Detexify: such a clever tool for LaTeX

Today I came across a really clever use of HTML5 technologies being applied to a common problem in LaTeX: finding the package and code for special symbols. It is called Detexify – it relies on HTML5 features so you need a fairly recent browser. I am really excited by the potential offered through the rising technologies of HTML5, SVG and the canvas element (among many others) and I can’t help wondering what wonderful authorship tools and interfaces will be developed to work in the browser. I know that SVG has been around for a long time, indeed I first started working with it more than 6 years ago, so it is nice to see it becoming “potentially mainstream” real soon… Already, gives a flavour of the possible with the canvas element. I can see innumerable applications of these technologies, especially in the domains of creating, writing and sharing scientific content. It is easy to imagine complete authoring applications being written to work in the browser, and surely it cannot be that far away: writing in the medium, for the medium.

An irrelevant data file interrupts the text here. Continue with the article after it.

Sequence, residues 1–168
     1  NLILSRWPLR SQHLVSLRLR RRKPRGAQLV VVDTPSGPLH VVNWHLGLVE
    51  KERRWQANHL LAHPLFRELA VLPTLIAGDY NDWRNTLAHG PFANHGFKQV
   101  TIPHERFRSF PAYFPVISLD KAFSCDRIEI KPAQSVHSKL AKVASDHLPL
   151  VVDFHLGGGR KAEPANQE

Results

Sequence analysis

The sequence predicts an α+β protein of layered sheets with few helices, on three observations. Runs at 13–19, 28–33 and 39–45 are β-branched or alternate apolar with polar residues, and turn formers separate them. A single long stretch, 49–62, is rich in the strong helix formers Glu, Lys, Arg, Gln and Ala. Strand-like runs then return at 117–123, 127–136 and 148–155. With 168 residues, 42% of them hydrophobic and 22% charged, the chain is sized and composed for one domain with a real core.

Some TeX projects on

Just a quick post to flag up a couple of projects on

  • One for the Chinese TeX community: Quoting from the web site: “This project aims to bring together many existing efforts including xeCJK, zhspacing, LuaTeX related Chinese support, etc.”
  • The Y&Y TeX C source code: A great commercial Windows TeX system in its time and one I still have installed to this day. Cost me quite a lot of money, as I recall, but it worked really well, especally DVIPSONE (the PostScript Driver) and the DVI previewer DVIWindo which had the full support of Adobe Type Manager (you’ll see that in the C code!). Y&Y, Inc. ceased trading in 2004 and subsequently donated the source code to the TeX Users Group which has released the sources under the GNU GPL.